Monday, 7 December 2009

A chemo picnic with tea

Bandages and dressings

The day started as usual but with a spiritual revelation that never occurred to me that clearly before, it gave me more confidence that the outcomes of all the situations I find myself would be good, better, rewarding, prosperous and fulfilling – if I asked for more, I would get more that I ask or think of.

Just as I went to bed, my right foot just took on this interminable itch, the only option was to take off the bandages and dressings, then get my talons to the annoying areas and scratch them sore.

Well, not that really, I applied Vaseline as one has been advised for the dry skin and massaged the sole and foot for minutes, in the meantime, I got lots of necrotic tissue off and found that most of tender areas were firmer and less painful.

Looking young, fresh and healthy

This morning, the nurse arrived at the usual time of 11:00 AM, I let him in and we worked on the dressings of the left foot – usually, I cut off the bandages and take off the dressings and we both inspect the condition of the foot – he has better sight of it and I use a mirror at times to get a good look.

We had every reason to give thanks, after the first layer of necrotic tissue and skin had been removed, which revealed very tender and raw healthy tissue, I thought the second layer of dry tissue that had formed over the healed skin was going to be the same, but no, it was better revealing young healed skin when we pulled away the dry skin, we took pictures of the foot.

The pictures are not necessarily ready for publication until there is uniformity in texture and colour so that one can see the progression from the original fungating tumour when I sought treatment to the situation where no support or pain is required to use the feet properly.

For teacups without hiccups

My chemotherapy appointment was for 13:00, so like the last time, I made a large flask of Smoky Earl Grey tea, and took my mug; well, one cannot take a teacup and saucer, that would be over the top. With a few sachets of sugar, a teaspoon and bottled milk, let’s say, I prepare for my chemotherapy sessions as if I am going for a picnic, not forgetting a box of chocolates to share with fellow patients and the nurses.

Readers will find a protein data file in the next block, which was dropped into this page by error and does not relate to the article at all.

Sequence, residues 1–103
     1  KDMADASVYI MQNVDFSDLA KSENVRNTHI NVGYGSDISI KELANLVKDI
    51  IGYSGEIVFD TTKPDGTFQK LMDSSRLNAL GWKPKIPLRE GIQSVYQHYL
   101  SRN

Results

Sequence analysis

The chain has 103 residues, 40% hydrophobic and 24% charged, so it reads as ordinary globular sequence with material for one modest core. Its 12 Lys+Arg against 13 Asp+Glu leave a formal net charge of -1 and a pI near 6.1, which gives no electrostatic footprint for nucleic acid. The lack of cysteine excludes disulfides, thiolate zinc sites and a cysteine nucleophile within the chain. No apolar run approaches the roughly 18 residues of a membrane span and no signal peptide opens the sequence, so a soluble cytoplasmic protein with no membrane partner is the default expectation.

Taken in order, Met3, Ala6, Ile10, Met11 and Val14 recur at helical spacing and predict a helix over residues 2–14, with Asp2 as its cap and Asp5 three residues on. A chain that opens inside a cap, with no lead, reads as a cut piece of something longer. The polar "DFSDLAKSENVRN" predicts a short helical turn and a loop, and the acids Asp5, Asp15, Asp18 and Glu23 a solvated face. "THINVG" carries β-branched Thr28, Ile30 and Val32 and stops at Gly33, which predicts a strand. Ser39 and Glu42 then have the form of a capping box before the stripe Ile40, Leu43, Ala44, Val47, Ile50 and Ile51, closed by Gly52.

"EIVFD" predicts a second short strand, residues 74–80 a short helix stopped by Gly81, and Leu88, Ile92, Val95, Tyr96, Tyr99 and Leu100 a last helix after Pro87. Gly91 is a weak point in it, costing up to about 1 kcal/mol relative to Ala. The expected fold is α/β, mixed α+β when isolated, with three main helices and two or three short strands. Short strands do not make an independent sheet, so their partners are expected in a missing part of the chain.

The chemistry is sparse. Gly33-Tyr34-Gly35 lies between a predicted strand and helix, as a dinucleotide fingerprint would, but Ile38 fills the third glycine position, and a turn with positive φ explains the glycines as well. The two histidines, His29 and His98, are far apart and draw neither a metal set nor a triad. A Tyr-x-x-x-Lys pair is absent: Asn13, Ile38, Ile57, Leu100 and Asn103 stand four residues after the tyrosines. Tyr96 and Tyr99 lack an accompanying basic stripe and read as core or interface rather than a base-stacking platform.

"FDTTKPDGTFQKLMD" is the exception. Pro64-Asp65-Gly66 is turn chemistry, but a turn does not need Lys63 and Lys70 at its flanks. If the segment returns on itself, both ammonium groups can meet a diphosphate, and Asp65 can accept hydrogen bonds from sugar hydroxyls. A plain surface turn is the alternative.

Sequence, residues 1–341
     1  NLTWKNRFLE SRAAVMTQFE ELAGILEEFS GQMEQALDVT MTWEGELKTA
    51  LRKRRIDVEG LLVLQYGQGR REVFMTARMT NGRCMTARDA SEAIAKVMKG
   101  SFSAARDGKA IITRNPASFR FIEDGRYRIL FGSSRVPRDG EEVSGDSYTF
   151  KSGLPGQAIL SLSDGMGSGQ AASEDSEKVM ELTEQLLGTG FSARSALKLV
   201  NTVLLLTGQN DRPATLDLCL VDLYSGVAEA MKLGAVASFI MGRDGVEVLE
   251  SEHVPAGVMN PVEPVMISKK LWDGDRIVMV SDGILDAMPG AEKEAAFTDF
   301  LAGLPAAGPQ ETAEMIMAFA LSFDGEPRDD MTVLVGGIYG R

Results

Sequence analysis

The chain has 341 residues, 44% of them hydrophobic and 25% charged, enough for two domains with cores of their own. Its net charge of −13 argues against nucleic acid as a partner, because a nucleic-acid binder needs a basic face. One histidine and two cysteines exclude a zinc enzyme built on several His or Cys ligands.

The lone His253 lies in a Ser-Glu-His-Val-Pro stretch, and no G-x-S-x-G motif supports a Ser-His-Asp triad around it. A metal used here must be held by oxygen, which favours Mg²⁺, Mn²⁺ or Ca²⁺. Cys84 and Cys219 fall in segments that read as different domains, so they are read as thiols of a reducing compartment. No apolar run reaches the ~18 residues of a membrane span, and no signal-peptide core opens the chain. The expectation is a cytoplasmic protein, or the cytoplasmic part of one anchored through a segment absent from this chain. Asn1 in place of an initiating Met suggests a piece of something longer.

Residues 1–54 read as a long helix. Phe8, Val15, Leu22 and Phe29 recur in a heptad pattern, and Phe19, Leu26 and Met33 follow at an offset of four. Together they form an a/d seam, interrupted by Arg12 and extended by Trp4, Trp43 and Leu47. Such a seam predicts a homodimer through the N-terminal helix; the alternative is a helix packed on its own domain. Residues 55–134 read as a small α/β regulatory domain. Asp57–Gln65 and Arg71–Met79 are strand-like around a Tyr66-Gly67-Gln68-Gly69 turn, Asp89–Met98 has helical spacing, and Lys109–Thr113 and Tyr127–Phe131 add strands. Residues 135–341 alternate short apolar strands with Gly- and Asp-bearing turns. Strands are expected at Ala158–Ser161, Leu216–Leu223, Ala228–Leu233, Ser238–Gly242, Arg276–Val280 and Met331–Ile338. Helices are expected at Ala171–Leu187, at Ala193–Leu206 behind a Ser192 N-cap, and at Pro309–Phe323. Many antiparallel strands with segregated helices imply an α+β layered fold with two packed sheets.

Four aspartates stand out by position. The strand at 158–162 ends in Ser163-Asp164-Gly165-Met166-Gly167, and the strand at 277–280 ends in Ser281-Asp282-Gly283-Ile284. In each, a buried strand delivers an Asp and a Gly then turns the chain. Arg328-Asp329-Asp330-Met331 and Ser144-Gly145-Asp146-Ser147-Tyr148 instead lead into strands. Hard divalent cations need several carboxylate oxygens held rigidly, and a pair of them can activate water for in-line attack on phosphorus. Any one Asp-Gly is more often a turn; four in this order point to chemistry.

I arrived without a minute to spare, set myself up on the seat, made my first cup of tea and offered my left arm for the chemotherapy infusion, for the first time, I watched the needle go in without feeling a fainting sensation to boot.

Relax! You’re being waxed

At first, they ensure the insertion works by lowering the saline solution to see if blood flows out, suddenly you see the basic laws of pressure and gravity put to use, then the Caelyx solution gets attached after you have answered the question correctly about your date of birth – you then realise, at least in my case that my birthday is in two weeks.

The red fluid then seeped into my system over the period of an hour during which I surfed the Internet on my phone, listened to some New Testament chapters a few times and reclined my seat to adopt an almost horizontal position.

By the time it was over, I am sure I had already had a good refreshing nap and it was time to pack up and leave. For a while, my watch would be on my right wrist until when I pull off the plaster holding down the cotton wool over the needle puncture close to my wrist.

I already know enough about the sensation of waxing with hairs growing in places where adhesive tape is required to hold devices down on the body or keep the medicinal patch in place.

That ended my fourth chemotherapy session, I see the shoemakers, cobblers, or rather the mobility rehabilitation consultants in hospital in 9 days to assess if the in-sole needs adjustments, the oncologist in 17 days and a possible fifth chemotherapy session, the weekend after Christmas in 3 weeks.

Arrgh! I think I will give that a little while more.

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